Art Review: Stravinsky


Scottish Ballet, Chor. Sir Kenneth MacMillan and Christopher Hampson, Theatre Royal, 6th – 7th October 2017

I walked into the beautiful architecture of the Theatre Royal with high expectations. I walked out into the crisp fresh air absolutely stunned. I had expected to see beautiful dancing and gorgeous costumes, only to find that the flawless combination of music, dance, theatre, and scenery touched me more profoundly than I had believed possible. By contrasting the lovely and elaborate ‘The Fairy’s Kiss’ with the dark and powerful ‘The Rite of Spring’, the Scottish Ballet’s ‘Stravinsky’ is a show that grabs your attention from the beginning and takes you on an emotional rollercoaster with a performance that never ceases to surprise.

The performance manages to come together on all levels, which is why I was fully mesmerised for the complete two hours of the show. The costumes reflected the mood of each piece. Whilst the sparklingly white elegance of the fairies contrasted perfectly with the understated pride of the villagers in the Fairy’s Kiss, the bare costumes in The Rite of Spring highlighted the power, exertion and brutality of the brother’s dance. Similarly, the change of scenery within The Fairy’s Kiss demonstrated both the warmth of the village and the cold of the fairy’s lands. Yet especially the modern scenery in The Rite of Spring was impressive: in its simplicity it managed to function both as symbol for a cage and prop for the dancers.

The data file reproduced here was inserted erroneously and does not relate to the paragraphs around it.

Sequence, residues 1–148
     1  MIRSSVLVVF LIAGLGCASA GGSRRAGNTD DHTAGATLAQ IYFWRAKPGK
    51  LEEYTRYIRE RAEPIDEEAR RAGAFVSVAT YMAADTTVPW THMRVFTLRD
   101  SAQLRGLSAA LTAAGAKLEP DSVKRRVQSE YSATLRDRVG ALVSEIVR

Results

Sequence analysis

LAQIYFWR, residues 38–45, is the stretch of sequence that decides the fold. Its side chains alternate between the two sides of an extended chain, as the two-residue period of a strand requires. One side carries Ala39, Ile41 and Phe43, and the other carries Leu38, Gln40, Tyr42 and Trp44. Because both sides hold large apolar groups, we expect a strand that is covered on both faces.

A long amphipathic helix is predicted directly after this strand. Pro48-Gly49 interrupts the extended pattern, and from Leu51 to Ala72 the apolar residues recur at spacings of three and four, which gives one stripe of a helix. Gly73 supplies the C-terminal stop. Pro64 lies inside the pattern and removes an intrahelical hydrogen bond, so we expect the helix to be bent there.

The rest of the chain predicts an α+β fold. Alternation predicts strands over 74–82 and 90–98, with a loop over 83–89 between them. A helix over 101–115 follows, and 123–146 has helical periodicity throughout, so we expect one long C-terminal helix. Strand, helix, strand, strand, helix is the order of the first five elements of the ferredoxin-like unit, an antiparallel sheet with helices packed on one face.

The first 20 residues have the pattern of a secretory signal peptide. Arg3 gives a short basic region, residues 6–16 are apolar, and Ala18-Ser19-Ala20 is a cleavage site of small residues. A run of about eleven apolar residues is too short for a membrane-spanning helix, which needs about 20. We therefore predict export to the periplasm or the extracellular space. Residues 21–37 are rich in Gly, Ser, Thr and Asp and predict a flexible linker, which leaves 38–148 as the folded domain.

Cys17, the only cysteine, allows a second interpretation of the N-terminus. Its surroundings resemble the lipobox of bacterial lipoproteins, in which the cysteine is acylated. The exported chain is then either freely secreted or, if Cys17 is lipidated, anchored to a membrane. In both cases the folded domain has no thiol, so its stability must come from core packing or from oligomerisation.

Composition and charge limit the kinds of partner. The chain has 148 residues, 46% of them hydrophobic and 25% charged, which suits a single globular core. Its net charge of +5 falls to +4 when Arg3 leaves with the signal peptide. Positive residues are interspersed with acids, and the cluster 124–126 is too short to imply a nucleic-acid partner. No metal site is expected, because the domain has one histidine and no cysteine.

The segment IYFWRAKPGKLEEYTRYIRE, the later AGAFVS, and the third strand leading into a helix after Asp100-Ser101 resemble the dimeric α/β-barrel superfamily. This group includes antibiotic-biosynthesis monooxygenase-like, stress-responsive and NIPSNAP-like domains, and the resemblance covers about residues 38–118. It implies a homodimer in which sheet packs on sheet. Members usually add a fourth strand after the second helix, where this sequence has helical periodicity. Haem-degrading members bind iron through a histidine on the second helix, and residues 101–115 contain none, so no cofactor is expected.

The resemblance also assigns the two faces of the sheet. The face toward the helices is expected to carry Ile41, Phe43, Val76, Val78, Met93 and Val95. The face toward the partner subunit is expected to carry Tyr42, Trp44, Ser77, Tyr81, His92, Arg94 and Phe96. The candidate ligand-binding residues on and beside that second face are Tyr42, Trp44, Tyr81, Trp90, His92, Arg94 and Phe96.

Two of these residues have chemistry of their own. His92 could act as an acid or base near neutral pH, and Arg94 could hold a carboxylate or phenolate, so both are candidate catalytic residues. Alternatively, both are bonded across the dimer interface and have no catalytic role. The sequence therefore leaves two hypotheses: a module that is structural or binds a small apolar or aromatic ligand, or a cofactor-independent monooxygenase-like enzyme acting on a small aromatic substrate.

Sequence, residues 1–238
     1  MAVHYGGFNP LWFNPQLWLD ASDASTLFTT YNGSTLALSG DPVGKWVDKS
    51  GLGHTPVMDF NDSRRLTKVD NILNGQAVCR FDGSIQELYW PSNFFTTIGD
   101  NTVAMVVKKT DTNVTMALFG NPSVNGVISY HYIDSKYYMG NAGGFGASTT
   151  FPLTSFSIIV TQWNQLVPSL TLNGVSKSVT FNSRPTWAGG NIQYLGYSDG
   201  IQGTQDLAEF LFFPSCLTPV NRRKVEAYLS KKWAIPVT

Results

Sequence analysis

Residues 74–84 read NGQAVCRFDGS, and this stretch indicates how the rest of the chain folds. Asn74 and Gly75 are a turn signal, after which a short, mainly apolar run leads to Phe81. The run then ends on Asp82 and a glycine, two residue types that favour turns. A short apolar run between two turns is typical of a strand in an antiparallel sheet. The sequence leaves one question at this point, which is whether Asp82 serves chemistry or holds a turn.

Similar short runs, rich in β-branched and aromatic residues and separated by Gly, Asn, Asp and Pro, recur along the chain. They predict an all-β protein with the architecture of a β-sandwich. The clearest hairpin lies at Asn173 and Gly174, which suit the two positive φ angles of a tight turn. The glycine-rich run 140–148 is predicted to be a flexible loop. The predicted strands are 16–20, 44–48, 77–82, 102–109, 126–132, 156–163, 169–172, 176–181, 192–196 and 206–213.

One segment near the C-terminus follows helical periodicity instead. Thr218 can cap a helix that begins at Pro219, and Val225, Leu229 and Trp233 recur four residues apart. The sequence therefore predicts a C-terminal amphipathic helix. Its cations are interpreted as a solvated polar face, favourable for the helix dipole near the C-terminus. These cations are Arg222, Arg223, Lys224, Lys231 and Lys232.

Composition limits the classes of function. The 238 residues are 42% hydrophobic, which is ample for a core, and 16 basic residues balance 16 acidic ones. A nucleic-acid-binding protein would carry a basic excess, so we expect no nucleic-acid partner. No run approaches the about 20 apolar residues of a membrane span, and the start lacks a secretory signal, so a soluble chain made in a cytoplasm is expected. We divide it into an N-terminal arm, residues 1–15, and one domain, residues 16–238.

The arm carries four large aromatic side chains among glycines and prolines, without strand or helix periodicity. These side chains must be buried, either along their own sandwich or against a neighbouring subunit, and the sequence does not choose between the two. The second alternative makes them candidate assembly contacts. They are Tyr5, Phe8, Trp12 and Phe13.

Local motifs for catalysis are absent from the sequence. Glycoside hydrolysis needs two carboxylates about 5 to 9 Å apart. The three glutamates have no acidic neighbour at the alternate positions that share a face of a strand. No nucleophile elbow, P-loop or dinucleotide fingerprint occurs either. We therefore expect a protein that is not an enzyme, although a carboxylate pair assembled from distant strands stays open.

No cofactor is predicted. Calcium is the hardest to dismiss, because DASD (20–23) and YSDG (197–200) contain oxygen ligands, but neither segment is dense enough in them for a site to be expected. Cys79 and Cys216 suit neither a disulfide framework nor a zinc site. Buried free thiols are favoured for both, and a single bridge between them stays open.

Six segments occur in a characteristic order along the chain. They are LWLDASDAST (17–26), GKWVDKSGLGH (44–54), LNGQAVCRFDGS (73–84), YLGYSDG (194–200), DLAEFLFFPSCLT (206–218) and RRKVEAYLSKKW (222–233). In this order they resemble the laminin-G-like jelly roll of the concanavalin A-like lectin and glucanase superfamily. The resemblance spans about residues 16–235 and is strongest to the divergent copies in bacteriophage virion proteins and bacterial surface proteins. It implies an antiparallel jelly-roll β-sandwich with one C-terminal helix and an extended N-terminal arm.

Yet the breathtaking dancing was undoubtedly the core that held it all together. Accompanied by an impressive orchestra, the dancers were able to portray the blight of those struck by chaos and disruption. The sensuality and control over their movements in The Fairy’s Kiss was awe-inspiring. Especially the Fairy, danced by Constance Devernay, was enrapturing.

However, The Rite of Spring stole the show for me. I have never seen physical movement so desperately violent and yet at the same time so incredibly beautiful. The Younger Brother, Constant Vigier, was astonishing and it is worth seeing the show for his performance alone.

[Kirsty Campbell]

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